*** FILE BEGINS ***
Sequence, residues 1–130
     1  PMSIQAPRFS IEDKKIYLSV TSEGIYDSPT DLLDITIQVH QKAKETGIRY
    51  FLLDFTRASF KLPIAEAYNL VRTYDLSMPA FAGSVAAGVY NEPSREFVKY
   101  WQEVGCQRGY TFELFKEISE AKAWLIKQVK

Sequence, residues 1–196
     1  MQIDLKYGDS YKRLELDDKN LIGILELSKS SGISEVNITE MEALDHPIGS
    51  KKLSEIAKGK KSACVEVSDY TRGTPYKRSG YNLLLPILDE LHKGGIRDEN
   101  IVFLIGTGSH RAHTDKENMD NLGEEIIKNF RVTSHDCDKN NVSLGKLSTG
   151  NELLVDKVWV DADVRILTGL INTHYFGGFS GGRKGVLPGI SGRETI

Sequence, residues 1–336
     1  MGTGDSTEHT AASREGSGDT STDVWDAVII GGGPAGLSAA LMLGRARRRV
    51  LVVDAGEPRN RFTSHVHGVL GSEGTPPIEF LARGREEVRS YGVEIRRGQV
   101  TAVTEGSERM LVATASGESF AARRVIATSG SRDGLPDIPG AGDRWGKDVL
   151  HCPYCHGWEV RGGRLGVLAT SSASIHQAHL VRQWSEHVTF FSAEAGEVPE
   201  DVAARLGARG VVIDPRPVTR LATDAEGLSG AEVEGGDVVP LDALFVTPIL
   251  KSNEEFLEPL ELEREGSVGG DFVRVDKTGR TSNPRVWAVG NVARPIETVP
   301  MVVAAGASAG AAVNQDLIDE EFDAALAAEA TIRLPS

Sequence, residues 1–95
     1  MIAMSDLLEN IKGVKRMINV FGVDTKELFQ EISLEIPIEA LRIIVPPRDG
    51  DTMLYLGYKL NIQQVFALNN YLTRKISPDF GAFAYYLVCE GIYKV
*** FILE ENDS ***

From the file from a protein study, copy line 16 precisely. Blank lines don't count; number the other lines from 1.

   251  KSNEEFLEPL ELEREGSVGG DFVRVDKTGR TSNPRVWAVG NVARPIETVP